Nonimmigrants in the U.S. are expected to follow all the rules and regulations of the United States. Arrests and convictions could have a significant effect on immigration status and the ability to enter the U.S. The increasing accuracy and connections between various government databases have made it very important to know and obey relevant laws in the U.S.
U.S. Consular officers and Immigration inspectors run security checks on each person who applies for a visa or for admission into the U.S. These security checks check a variety of databases including:
- The National Crime Information Center (NCIC) a federal database containing criminal records of both arrests and convictions. Any arrest for or conviction of a crime will be entered into NCIC and will trigger a "hit" when a Consular Officer or an Immigration Inspector runs a visa applicant's name through their computers for a security check. Consular officers cannot see the nature of the "Hit" and cannot issue a visa until the hit is cleared. This could take several weeks or months. Immigration officers, on the other hand can access NCIC and determine, usually within a few hours, the nature of the arrest or conviction and can tell if it is for something that would bar entry to the U.S.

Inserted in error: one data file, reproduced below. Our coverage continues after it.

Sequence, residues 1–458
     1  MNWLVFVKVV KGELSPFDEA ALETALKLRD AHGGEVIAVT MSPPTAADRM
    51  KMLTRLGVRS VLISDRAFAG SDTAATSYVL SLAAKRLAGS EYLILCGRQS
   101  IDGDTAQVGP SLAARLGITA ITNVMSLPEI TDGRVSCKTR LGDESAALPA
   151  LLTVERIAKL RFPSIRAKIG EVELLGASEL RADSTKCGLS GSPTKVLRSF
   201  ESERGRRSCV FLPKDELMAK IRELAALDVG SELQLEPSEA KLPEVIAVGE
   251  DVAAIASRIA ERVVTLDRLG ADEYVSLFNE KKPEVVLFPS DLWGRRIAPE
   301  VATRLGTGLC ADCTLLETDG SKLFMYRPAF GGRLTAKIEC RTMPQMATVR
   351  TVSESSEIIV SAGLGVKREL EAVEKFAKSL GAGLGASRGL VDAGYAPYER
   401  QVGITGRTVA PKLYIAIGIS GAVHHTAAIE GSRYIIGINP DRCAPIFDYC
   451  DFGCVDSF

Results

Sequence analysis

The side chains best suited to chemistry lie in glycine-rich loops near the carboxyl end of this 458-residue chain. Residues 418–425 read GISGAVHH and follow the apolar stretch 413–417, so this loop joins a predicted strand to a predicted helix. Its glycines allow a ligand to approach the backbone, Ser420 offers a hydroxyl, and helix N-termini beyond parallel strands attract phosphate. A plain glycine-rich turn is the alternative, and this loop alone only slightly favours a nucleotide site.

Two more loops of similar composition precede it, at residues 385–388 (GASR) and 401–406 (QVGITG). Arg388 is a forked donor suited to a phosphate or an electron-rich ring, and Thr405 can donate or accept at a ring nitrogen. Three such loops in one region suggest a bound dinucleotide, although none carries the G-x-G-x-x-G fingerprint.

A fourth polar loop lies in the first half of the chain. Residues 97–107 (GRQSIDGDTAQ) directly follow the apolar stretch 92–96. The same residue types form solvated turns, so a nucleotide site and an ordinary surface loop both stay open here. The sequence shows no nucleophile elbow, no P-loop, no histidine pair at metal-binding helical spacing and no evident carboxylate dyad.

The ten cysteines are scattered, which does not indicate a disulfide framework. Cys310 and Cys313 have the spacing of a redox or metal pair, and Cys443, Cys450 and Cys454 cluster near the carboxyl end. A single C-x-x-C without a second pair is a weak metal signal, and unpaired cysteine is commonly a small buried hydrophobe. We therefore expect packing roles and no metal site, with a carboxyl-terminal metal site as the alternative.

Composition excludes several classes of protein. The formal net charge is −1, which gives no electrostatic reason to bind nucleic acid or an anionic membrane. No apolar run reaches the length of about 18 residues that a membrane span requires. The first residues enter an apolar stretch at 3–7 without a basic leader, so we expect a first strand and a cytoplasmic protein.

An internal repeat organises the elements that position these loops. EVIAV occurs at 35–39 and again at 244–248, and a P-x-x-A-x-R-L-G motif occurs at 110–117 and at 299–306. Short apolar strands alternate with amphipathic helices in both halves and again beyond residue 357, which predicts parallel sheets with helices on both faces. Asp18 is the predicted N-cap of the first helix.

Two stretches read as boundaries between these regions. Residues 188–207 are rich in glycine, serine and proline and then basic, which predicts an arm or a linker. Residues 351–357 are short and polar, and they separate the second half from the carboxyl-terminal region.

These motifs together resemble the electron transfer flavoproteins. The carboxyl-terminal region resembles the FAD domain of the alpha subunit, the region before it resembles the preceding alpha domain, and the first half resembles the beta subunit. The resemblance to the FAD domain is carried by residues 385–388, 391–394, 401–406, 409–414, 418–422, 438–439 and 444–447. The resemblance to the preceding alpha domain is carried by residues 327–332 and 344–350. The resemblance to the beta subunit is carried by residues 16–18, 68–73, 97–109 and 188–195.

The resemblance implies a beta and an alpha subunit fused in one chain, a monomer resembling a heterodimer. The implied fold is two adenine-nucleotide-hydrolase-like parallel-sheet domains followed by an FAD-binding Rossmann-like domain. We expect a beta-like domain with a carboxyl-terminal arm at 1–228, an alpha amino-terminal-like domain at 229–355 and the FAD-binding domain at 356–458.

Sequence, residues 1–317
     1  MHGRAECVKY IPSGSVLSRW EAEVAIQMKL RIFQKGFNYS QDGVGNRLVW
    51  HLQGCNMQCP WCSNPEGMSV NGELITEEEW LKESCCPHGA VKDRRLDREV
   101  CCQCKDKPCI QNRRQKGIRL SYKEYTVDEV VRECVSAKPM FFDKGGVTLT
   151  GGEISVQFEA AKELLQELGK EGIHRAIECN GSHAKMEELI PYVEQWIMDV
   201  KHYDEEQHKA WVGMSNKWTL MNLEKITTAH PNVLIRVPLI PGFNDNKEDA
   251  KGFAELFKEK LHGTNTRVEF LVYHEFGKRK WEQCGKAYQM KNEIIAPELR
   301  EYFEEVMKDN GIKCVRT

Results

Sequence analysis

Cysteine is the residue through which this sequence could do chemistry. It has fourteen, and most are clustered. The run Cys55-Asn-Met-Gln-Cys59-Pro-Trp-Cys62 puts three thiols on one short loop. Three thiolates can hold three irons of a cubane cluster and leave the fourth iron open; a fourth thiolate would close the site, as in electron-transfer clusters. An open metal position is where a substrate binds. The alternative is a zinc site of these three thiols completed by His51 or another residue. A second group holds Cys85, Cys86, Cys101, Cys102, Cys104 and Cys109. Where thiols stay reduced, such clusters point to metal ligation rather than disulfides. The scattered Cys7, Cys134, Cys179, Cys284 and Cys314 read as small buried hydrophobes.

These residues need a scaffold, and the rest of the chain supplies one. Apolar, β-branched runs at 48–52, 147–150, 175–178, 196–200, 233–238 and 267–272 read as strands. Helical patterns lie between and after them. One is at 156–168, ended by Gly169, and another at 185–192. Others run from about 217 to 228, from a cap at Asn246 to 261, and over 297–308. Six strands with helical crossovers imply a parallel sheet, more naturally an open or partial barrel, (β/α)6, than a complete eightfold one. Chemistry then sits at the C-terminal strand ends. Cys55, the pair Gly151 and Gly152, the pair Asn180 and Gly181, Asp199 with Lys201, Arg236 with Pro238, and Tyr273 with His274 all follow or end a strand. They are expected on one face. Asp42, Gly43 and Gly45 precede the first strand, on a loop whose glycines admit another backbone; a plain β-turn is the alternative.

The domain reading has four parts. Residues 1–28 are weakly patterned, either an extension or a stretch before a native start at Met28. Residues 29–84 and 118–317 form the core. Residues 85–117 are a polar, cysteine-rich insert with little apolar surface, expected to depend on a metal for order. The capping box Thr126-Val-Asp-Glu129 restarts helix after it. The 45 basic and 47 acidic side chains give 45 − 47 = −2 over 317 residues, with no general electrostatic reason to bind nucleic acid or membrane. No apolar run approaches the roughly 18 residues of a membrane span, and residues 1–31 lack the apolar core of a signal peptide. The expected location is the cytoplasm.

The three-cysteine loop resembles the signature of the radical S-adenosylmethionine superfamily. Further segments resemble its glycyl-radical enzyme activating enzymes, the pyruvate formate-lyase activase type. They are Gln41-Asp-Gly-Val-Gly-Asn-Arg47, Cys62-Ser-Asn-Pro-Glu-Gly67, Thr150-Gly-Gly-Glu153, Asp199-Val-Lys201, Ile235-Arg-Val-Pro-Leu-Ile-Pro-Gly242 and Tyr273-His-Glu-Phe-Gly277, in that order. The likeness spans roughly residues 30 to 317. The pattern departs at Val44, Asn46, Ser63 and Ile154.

- Consular Lookout And Support System (CLASS) a database listing individuals who have been denied visas.
Since arrests are entered into the National Crime Information Center (NCIC), they will result in delays in the issuance of visas at a consulate and in delays at the boarder upon entry to the U.S.
You are arrested when:
- you are fingerprinted and photographed by law enforcement
- a law enforcement officer orders you to accompany him/her against your will
When an immigration officer or employee of Department of Homeland Security or the Department of State asks if you have been arrested, you must always admit to any arrest, even if the arrest was later found to be in error. Failure to disclose an arrest could result in your being found guilty of committing fraud to gain an immigration benefit and could result in being barred from the U.S. for life.
Convictions are entered into NCIC. For immigration purposes, a conviction includes:
- A formal judgment of guilt in court
- an individual enters a guilty plea and enters some sort of program (community service, drug rehabilitation, etc.)
- pleading "no contest"
- conviction exists even if no time is actually spent in jail or if a fine is paid or probation is ordered
- the conviction of a crime that is later "expunged" is still considered a conviction for immigration purposes